Jörg Wilhalm Hutter (CGM 3711) available in color

Liechtenauer lineage and related sources (eg. Sigmund Ringeck, Peter von Danzig, Paulus Kal, Hans Talhoffer), interpretation and practice. Open to public view.

Jörg Wilhalm Hutter (CGM 3711) available in color

Postby Michael Chidester » 28 Sep 2011 05:23

I posted this in the treatise index last night, but I figure I should make a general announcement as well. The Bayerische Staatsbibliothek has digitized the CGM 3711, the only complete original version of Jörg Wilhalm Hutter's treatise, in a set of gorgeous color scans.

Get them here: http://daten.digitale-sammlungen.de/bsb00064546/image_1

A lot of odd things in this manuscript, which is good since I've reopened my research into Wilhalm/Hutter as part of the work I'm currently doing on Mair. An incomplete copy of this manuscript has long since been available in the secret ARMA member's site (apparently scanned very badly from microfilm), so while we've been able to study it in the past, a lot of detail was lacking. These huge color scans have changed my understanding of a few things.

First, the dating of Wilhalm has been problematic. The Wilhalm Sketchbook (Codex I.6.4.5) is clearly the first manuscript in the series, covering armored and mounted fencing and dated 1522. The Codex I.6.2.3 seems to be next, enhancing the content of the sketchbook with text and also dated 1522. The Codex I.6.2.2 comes later, covering completely different material--unarmored longsword, and a text-only longsword treatise--and dated 1523.*

Then there's this one, the Collection of German Manuscripts (CGM) 3711. It's always been listed as dating to 1522. Now I see that it's because in the old scans, the date on 42r is cut off completely, the date on 45r is cut off partially, and the date on 51r is ambiguous (could be a 2 or a 3). However, in the color scans it becomes clear that the longsword section is dated to 1523, and the armor and mounted sections are dated to 1522. It therefore appears that this was the fourth manuscript created, combining the contents of the I.6.2.2 and the I.6.2.3 into one master document. The art is slightly higher quality (or perhaps the manuscript is merely better preserved), so I imagine that this was a presentation copy of his work created on commission for someone who had seen his earlier works and wanted one for himself.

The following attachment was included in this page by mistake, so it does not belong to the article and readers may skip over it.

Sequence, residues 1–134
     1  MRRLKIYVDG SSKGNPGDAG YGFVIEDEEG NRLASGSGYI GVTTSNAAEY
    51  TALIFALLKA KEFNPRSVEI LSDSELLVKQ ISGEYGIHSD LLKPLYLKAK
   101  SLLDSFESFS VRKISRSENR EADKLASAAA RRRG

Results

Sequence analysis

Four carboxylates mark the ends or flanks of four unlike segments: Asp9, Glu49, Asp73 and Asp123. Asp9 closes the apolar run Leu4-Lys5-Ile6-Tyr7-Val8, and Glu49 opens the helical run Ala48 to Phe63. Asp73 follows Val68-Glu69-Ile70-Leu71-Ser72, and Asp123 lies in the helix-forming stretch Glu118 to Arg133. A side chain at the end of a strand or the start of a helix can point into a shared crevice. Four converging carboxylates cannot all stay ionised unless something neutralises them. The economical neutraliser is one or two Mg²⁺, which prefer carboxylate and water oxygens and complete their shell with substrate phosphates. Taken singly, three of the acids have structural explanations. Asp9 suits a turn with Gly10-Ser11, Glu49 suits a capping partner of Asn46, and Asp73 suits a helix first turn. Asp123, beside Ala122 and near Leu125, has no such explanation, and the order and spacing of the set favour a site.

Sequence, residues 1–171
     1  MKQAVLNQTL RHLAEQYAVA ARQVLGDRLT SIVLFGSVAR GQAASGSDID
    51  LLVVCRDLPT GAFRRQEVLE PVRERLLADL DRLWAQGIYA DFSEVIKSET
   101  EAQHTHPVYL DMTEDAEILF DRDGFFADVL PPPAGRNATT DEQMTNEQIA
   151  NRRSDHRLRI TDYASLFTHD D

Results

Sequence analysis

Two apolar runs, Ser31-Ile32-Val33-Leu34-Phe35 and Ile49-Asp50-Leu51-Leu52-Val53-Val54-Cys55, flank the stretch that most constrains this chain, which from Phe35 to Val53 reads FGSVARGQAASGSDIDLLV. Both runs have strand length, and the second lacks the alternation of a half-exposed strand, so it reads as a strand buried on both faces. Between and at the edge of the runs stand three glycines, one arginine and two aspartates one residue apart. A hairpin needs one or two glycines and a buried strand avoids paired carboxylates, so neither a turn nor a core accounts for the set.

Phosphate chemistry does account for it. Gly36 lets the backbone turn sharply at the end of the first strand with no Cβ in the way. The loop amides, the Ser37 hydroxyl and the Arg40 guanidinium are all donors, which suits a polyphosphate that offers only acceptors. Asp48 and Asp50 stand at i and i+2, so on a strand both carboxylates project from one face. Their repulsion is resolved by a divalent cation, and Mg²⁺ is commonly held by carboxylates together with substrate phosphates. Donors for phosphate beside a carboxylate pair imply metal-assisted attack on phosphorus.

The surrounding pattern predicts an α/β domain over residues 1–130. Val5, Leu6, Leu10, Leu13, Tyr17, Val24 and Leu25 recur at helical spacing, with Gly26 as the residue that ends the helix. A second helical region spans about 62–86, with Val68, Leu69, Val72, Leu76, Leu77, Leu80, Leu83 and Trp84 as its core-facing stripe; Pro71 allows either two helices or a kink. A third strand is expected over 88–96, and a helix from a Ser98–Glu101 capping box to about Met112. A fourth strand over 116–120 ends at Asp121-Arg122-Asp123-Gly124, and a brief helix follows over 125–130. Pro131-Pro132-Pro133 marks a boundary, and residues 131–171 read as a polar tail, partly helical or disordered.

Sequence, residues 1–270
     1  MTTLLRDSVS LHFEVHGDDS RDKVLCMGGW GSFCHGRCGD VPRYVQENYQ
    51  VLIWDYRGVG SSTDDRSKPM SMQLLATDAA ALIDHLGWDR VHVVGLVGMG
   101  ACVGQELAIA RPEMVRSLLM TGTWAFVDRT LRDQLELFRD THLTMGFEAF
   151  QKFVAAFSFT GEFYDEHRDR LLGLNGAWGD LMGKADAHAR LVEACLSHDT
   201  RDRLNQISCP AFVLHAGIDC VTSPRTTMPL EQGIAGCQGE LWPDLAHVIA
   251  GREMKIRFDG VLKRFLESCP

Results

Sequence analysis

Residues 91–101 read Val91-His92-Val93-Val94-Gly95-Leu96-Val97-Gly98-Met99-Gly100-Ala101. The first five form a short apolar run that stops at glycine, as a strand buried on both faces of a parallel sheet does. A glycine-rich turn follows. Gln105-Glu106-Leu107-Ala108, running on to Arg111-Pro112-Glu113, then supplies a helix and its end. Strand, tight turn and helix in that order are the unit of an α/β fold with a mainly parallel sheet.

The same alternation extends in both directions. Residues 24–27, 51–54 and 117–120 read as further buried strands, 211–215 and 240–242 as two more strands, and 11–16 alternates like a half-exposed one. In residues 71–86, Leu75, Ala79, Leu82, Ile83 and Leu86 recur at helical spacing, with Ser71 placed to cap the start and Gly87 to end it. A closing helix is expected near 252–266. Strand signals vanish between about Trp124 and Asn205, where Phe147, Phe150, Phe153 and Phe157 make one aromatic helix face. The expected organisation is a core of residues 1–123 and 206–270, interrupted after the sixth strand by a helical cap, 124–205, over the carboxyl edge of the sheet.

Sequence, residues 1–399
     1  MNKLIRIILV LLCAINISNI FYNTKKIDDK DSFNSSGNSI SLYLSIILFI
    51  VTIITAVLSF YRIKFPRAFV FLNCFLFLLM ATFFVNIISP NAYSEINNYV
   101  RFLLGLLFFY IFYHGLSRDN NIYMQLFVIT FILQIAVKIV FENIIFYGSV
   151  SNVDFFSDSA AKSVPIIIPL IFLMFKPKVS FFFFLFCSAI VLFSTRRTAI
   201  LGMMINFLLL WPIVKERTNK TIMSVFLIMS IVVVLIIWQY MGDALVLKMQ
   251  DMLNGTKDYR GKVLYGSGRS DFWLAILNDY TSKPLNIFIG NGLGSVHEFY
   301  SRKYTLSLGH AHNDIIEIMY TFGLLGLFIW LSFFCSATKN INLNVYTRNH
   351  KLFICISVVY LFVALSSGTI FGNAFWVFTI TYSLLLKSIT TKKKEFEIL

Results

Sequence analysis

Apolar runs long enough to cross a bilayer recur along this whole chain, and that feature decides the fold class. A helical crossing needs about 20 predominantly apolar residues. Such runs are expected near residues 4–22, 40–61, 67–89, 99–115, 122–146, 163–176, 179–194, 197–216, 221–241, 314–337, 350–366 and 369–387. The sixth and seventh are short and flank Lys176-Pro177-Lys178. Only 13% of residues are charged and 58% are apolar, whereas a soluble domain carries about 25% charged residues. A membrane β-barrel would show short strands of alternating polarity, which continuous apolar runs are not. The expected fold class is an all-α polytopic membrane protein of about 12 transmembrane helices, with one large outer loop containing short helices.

To finish the story of Wilhalm, the longsword section was copied by noted sculptor Gregor Erhart into his sketchbook in 1533. The complete text of the 3711 was reproduced by Lienhart Sollinger in the CGM 3712 (completed in 1556), though he probably did not have access to the 3711 and rather arrived at the same contents by compiling the I.6.2.2 and I.6.2.3 (both of which he owned). Sollinger sold the Erhart, the 6.2.2, the 6.2.3, and the 6.4.5 to Paulus Hector Mair over the course of the 1540s and 1550s; Mair reproduced a lot of their contents in his work as well.

* I'm currently chasing down a lead on this date, since the possibility has arisen that it actually dates to 1489 and was merely copied by Wilhalm.
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Michael Chidester
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Re: Jörg Wilhalm Hutter (CGM 3711) available in color

Postby Michael Chidester » 29 Sep 2011 22:19

One other interesting thing about this manuscript complex is that Wilhalm's work seems to be titled Jörg Wilhalm Hutters Kunst zu Augsburg (sometimes with des Fechtens tacked on the end). We know that Hutter was an Augsburger, not only from this title but also from the Augsburg tax records; Gregor Erhart and Paulus Hector Mair, the other writers who duplicate his work, are also the only other manual authors from Augsburg.

This leads me to wonder if the style in these manuscripts, which is loosely based on Liechtenauer but with a lot of interpolation, is a regional style specific to Augsburg--not unlike how Codex Wallerstein et al. describe an art somewhat similar to Liechtenauer's that was local to the Nuremberg area.
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